Peach Kelli Pop are back with Gentle Leader, the band’s fourth full-length album and first in three years, following close on the tails of the band’s recent EP, Which Witch, their first with renowned Canadian indie pop label Mint Records. Peach Kelli Pop will be touring extensively in support of Gentle Leader and the Which Witch EP, including time in Japan in May, followed by a full tour of North America in the summer and Europe later in the year.
Hear First is Talkhouse’s series of album premieres. Along with streams of upcoming albums—today’s is Peach Kelli Pop’s Gentle Leader—we publish statements from artists and their peers about the mindsets and impressions that go into, or come out of reflection on, a record. Here, Colleen Green discusses what she loves about PKP’s newest, which you can listen to right here as you read Colleen’s thoughts.
—Amy Rose Spiegel, editor-in-chief, Talkhouse Music
I don’t envy music supervisors: listening to hour after hour of music, most of which sucks ass, trying desperately just to find something that fits the moment they’re trying to soundtrack. But searching for Peach Kelli Pop songs to include in her episode of Colleen Green’s CRIBS (my self-produced, self-explanatory YouTube reality show) was a pleasure as opposed to a challenge. The music Allie Hanlon makes is already the soundtrack to her existence, her life, at home, on the road, happily swimming alongside all the other fish in a musical sea. Her songs are always cute, sweet, and—much like the title of her new album “Gentle Leader” with its soft, flowing consonance—they sound good. They also serve as a verbal narrative to her rainbow-colored reality. For example, she loves Hello Kitty and drops this name straight out of the gate on album opener “Hello Kitty Knife.” She loves animals, particularly cats and dogs, and has a few tunes dedicated to these furry friends: “King Size,” about a large dog that might intimidate your average human-on-the-street, is my favorite track on the band’s fourth full-length, sounding like some AM Gold type shit (a slight step to the left for Peach Kelli Pop as well as a pleasant surprise) while “Black Cat 13” is a speedy number about a cat with very big eyes. Indeed, one need view Allie’s Colleen Green’s CRIBS episode only once to see that everything about her —her clothes, her decor, even her plants—is just as adorable as her music. She walks around wearing a kimono and baking banana muffins (which she generously shared with me and my cameraman; as expected, they were warm, fluffy, and delicious). She proudly displays a gifted recipe book that was hand-made by her mother. She exhibits shame at the idea that one of the bathrooms in her house is “not very nice.” In essence, Allie = cuteness, Peach Kelli Pop = cuteness, therefore Allie = Peach Kelli Pop.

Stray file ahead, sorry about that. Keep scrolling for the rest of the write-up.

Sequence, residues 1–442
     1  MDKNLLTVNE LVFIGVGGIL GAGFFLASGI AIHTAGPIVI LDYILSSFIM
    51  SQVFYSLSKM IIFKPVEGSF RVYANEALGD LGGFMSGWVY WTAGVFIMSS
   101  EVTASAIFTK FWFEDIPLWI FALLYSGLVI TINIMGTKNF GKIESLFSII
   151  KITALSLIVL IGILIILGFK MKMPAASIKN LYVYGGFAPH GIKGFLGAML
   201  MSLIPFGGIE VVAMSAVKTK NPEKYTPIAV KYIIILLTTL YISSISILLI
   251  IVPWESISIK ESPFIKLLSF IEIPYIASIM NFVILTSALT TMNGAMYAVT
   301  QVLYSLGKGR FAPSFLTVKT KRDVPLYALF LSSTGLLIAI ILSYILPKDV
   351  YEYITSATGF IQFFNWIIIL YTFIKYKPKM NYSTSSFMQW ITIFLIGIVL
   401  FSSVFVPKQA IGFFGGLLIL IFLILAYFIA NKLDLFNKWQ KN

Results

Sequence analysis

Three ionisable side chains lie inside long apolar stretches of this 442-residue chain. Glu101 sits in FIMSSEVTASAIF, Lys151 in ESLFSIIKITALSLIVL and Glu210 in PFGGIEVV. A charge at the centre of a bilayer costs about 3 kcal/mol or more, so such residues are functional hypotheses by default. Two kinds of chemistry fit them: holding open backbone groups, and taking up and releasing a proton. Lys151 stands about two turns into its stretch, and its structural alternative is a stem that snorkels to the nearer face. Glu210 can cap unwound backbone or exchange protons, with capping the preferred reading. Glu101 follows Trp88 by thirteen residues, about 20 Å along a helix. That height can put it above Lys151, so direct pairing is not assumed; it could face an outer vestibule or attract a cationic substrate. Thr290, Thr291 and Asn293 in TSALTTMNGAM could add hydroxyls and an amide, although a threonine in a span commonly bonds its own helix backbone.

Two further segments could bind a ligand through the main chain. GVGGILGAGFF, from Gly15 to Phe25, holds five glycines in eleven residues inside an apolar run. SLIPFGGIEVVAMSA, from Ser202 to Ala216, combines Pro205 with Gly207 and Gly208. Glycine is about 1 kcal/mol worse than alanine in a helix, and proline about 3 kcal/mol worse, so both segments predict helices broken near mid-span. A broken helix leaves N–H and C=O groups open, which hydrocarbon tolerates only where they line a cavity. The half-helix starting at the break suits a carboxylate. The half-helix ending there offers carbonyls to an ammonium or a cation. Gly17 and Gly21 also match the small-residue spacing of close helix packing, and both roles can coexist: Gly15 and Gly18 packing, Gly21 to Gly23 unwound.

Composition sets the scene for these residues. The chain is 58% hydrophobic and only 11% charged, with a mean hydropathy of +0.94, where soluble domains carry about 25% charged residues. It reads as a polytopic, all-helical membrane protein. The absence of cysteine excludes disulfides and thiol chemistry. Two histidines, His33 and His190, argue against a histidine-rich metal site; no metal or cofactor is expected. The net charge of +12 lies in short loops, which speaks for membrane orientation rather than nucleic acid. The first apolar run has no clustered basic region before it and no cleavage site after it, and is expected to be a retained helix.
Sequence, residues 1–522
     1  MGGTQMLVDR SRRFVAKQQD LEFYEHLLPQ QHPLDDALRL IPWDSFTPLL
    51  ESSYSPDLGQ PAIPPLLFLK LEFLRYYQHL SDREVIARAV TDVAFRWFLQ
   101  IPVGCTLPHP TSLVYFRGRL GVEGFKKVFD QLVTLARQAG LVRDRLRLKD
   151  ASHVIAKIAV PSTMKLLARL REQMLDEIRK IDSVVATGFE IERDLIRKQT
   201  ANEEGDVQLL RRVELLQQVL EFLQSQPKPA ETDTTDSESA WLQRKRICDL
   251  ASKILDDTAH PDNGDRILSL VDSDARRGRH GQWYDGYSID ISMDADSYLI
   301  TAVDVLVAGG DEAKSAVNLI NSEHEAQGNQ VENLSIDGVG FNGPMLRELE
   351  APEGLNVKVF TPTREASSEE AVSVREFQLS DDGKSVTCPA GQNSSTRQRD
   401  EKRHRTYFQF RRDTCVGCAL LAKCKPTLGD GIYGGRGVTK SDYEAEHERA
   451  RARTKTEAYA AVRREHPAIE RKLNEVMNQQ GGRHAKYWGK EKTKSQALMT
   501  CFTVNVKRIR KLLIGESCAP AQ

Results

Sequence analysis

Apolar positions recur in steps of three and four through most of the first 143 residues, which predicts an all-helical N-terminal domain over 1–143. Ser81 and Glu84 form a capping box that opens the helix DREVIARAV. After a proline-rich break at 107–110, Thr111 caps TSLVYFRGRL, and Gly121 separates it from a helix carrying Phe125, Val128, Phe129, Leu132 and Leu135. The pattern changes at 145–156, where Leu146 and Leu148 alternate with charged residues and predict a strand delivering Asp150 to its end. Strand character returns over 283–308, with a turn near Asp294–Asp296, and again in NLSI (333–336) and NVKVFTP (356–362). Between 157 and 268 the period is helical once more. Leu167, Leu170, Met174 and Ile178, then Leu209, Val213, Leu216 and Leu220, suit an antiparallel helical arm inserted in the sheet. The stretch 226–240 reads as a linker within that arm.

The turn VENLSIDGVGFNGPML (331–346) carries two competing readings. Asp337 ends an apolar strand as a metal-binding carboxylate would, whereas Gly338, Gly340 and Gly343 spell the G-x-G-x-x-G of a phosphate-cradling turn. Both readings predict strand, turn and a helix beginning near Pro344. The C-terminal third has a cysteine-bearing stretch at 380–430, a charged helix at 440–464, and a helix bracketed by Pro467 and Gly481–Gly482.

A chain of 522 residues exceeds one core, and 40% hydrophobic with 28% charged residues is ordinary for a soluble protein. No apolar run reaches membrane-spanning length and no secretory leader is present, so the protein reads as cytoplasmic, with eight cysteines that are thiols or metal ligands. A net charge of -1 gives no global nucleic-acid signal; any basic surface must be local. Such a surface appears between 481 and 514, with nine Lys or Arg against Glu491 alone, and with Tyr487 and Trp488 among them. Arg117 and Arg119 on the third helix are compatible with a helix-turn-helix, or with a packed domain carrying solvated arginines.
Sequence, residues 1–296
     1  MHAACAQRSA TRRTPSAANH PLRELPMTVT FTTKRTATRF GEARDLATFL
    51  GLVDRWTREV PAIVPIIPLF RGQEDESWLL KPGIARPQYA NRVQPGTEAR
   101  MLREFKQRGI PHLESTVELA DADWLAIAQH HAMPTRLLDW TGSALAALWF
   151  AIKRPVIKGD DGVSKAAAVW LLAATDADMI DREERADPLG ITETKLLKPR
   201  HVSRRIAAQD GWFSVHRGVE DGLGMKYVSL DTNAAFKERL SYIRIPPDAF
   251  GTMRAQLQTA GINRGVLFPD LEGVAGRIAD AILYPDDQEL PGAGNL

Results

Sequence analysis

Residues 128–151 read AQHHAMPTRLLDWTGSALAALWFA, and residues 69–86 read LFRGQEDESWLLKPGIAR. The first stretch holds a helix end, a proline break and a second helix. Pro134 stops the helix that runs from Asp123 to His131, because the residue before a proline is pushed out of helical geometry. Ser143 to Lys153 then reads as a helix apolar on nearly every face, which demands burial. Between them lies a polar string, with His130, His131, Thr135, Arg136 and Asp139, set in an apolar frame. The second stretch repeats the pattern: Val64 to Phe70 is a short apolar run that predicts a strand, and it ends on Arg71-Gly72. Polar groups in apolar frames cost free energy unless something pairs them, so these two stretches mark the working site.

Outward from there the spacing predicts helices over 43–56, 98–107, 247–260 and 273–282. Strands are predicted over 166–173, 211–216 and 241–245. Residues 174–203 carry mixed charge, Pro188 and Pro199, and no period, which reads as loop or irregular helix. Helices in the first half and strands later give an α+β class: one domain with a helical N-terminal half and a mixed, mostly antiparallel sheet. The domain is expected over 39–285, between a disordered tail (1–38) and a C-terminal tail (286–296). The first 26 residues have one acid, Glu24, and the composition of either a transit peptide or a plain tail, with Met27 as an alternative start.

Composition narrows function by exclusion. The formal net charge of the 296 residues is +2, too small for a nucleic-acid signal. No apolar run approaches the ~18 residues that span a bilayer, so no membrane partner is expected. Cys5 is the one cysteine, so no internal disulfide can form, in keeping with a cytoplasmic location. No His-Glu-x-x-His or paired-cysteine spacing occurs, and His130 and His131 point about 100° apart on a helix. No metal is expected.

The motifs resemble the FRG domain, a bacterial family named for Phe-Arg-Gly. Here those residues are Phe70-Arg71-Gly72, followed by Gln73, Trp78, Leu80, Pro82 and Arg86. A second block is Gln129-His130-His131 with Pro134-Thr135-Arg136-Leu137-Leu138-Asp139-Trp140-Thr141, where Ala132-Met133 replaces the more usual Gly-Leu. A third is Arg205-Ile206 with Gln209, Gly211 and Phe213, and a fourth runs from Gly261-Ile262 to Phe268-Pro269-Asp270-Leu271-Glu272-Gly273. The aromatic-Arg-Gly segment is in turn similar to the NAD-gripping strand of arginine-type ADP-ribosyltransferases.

Social media attention/actual fame can be a funhouse mirror. What you’re putting in front of it is real and normal, but the reflection is distorted. I think a lot of artists in this day and age can get caught up in the distortion; they start trying to become the distortion, they get addicted to the artificial image and the delusions of grandeur it creates and sometimes forget the passion that brought them there in the first place. Miley Cyrus once said that she wants to be the same exact person in the grocery store as she is onstage, which was basically her trying to give herself a public pass to start wearing insane outfits and acting like a spoiled brat at the grocery store, too. She feels the need to maintain her pop star image no matter where she is or what she’s doing. I think I understand the sentiment behind this declaration, but she’s been standing in front of the funhouse mirror for so long that in practice, that shit came out bass-ackwards. I think that what Miley really wants is to not have to act anymore, but she’ll be acting until the end whether she realizes it or not, and it’s sad. I don’t know if this has ever crossed Allie’s mind, but it’s not something that she has to worry about. She is the same person on record and on stage and on the street, and she’s not acting. She’s just a nice girl who loves to play music, has fun doing it, and wants to make sure everyone else is having fun, too. —Colleen Green